Transplant, a summer initiative for students sponsored by IBSA, placed four “mobilizers” in various parts of Chicagoland in June, each paired with a church planter reaching out to people in the city or suburbs. Cassidy Winters said the mobilizers’ goal is to give their planters “more arms” to reach out in the community.

The college freshman from Edwardsville is serving alongside Dave and Kirsten Andreson, who are planting Resurrection City Church in Avondale on the city’s North Side. This is Winters’ second summer in Chicago. Last year, she admits, she didn’t know much about church planting. Shortly after her arrival, she remembers texting her mother something along the lines of, “I’m starting a church, Mom!”

This summer, Winters is helping the Andresons as they plant a church in a community of 40,000—and little evangelical presence. Growing up in her Christian home, Winters said, she “kind of got stuck in a Christian bubble…just not ever thinking about people who don’t love Jesus.” But in Chicago, there is a lot of hurt, and a lot of love is needed. Winters is helping the Andresons identify the projects they’ll tackle during ChicaGO Week, when teens from around the state come to Chicago for a week-long church planting practicum.

Cody Wilson is another student serving in the city this summer, along with a group a mobilizers recruited by the North American Mission Board for the Generation Send program. Instead of spending most of their time working with existing church plants, Gen Send-ers will develop a prospectus for a future planter who will start something new in a specific community.

Wilson, a student at Middle Tennessee State University, is serving in the Lakeview neighborhood and looking for what he calls “third spaces.” These are the coffeeshops, gyms, and arts programs where people hang out, and where a church planter might go to build relationships.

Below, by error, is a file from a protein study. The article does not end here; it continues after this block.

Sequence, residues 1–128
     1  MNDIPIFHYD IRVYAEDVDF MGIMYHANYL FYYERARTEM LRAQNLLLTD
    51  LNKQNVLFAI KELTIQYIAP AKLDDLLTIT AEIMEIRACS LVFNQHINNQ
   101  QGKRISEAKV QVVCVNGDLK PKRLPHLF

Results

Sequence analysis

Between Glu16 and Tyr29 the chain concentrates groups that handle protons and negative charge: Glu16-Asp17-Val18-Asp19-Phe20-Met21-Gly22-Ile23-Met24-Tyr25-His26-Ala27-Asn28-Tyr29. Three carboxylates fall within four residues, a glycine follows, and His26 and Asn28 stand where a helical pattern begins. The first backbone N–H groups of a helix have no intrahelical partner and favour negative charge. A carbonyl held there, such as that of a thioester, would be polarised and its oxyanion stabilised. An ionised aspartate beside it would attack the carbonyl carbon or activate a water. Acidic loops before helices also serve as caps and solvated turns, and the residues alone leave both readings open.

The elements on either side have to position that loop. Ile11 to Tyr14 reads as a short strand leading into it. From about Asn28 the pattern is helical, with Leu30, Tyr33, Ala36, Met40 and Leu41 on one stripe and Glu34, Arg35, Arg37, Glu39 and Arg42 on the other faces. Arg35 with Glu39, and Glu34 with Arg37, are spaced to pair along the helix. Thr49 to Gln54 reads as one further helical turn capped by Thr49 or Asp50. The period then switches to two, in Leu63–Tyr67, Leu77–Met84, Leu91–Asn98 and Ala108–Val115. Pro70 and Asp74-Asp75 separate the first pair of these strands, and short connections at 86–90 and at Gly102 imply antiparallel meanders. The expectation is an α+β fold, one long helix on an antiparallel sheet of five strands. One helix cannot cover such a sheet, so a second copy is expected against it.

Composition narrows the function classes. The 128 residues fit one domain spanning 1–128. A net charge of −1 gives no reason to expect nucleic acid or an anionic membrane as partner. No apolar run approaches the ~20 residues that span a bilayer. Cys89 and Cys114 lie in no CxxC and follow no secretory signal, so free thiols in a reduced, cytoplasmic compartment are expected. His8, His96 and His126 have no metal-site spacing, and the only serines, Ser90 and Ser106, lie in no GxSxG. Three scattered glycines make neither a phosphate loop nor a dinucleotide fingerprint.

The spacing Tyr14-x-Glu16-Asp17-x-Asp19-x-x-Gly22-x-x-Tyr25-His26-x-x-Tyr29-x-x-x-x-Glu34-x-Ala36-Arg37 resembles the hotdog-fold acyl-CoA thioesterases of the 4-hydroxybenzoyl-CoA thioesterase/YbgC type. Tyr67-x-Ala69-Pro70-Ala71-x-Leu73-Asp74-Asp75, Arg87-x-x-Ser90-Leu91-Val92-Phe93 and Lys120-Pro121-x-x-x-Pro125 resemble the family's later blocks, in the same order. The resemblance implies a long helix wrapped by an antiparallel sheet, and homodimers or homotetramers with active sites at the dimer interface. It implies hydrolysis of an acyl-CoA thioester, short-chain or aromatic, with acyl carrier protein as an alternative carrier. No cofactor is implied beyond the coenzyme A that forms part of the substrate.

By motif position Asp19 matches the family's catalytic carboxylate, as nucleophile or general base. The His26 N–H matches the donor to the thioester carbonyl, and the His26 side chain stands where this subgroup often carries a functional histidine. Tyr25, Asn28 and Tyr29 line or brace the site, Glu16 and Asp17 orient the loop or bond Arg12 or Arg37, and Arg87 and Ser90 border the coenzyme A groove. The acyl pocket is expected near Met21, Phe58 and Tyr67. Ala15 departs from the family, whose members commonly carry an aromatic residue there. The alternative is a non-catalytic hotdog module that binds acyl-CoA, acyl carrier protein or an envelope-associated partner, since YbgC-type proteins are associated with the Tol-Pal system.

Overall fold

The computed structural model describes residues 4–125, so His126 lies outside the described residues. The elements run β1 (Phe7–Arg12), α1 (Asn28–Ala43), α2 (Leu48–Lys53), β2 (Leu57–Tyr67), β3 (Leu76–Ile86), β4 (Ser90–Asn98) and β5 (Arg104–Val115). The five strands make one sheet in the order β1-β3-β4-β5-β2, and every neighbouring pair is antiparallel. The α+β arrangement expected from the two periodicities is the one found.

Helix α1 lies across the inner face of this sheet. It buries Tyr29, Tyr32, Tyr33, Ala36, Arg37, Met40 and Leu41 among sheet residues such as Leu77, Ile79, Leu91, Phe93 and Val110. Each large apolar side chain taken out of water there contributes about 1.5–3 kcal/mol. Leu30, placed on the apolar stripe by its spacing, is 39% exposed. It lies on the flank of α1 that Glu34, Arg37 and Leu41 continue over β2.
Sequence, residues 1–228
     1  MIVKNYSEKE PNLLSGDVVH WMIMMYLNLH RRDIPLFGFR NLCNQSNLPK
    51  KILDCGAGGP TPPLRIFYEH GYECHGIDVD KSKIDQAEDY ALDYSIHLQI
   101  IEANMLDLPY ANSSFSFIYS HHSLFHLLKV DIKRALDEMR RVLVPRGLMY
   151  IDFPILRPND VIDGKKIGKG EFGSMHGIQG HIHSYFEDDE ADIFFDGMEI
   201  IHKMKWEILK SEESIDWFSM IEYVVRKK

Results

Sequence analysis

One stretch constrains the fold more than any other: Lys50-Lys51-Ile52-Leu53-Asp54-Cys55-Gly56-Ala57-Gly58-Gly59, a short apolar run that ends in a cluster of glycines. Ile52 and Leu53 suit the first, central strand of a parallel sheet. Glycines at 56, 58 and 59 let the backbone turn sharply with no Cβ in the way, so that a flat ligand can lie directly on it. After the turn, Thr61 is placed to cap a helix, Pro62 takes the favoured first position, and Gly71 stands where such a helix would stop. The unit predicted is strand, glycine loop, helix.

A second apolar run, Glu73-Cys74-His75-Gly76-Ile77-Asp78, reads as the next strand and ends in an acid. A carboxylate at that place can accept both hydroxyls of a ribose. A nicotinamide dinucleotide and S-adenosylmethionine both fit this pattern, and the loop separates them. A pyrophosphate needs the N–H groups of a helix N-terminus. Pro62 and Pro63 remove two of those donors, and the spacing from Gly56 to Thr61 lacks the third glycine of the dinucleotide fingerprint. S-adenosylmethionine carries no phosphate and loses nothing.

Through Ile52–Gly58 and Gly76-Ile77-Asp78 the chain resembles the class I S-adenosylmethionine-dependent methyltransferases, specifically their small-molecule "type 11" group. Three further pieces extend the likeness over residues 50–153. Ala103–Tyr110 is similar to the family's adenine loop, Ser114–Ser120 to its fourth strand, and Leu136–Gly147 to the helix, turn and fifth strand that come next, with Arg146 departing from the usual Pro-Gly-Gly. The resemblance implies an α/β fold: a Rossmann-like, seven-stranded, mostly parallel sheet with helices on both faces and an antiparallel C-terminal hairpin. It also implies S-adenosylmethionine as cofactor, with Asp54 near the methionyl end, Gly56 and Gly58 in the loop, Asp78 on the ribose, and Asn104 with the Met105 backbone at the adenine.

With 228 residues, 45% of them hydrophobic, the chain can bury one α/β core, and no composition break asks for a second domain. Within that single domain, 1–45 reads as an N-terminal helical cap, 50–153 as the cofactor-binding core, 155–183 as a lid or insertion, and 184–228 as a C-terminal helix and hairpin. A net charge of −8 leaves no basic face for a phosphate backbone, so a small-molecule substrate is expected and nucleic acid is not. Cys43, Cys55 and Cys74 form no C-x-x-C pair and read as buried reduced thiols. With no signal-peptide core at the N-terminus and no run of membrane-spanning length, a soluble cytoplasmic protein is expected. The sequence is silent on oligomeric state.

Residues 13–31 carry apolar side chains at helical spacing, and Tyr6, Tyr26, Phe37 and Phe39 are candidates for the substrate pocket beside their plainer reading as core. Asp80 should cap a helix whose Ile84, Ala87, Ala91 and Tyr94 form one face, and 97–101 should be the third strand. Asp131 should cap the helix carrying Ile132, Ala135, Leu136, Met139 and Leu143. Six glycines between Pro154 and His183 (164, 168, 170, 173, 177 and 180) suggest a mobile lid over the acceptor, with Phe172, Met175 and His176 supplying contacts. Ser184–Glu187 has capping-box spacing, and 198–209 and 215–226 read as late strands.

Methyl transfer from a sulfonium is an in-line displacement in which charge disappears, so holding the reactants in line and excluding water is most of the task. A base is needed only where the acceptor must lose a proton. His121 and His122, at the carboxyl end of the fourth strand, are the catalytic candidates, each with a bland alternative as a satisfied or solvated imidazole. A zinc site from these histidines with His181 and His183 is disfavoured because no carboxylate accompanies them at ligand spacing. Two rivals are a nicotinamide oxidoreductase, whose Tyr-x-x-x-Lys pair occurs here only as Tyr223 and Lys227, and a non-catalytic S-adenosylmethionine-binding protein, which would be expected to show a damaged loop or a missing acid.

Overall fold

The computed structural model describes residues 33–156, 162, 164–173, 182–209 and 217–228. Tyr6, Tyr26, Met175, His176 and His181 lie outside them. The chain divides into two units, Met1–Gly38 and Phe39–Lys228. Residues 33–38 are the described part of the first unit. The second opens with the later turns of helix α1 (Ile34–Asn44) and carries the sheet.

He had met a lot of people after just over two weeks in the city. “But it’s still obvious that in one of the busiest cities in the world…people are incredibly lonely and have very high walls and don’t let people in.”

In mid-June, team members joined Wilson, Winters and their fellow mobilizers to help further develop their prospectuses and projects. Their teams bring the total number of college students serving in Chicagoland through IBSA and NAMB to around 55 for the summer.

Look for more updates from Transplant and Generation Send interns, and a full report from ChicaGO Week, in the July and August issues of the Illinois Baptist.

Rob (left) and Mona Payne (center) lead worship during "Pop Up Church" for Downtown Phoenix Church, also known as DTPHX Church. Photo by Shawn Hendricks/BP

Rob (left) and Mona Payne (center) lead worship during “Pop Up Church” in Phoenix. Photo by Shawn Hendricks/BP

THE BRIEFING | Meredith Flynn

Young adults in downtown Phoenix “don’t think about going to church on Sunday morning any more than you and I think about going to bingo on Friday nights,” says Pastor Jim Helman. To reach Millennials, his Downtown Phoenix Church “pops up” every other week at a coffee shop or in a park, and uses the other weeks to serve the community. Read more at

His Seattle Seahawks may have lost the Super Bowl in stunning fashion (that second down call!), but quarterback Russell Wilson seems to already be bouncing back via Twitter. After the game, the outspoken Christian posted motivational messages and Psalm 18:1–“I will love You, O LORD, my strength.”

Imprisoned pastor Saeed Abedini thanked President Obama for meeting with his wife and children last week, and for assuring the couple’s young son that he will try to secure his father’s release by March (when Jacob Abedini will celebrate his 7th birthday). “I know that as a father you can truly understand the pain and anguish of my children living without their father and the burden that is on my wife as a single mother,” Abedini wrote to Obama from Rajaee Shahr prison in Iran.

In the letter, provided online by the American Center for Law and Justice, Abedini also thanked Obama “for standing up for my family and I and for thousands of Christians across the world who are persecuted for their faith in Jesus Christ.”

The American Bible Society will relocate to Philadelphia after selling its Manhattan building for $300 million, reports The Christian Post. The 12-story facility on Broadway, which has housed ABS since 1966, is about 10 blocks from another ministry: the offices of the Metro New York Baptist Association.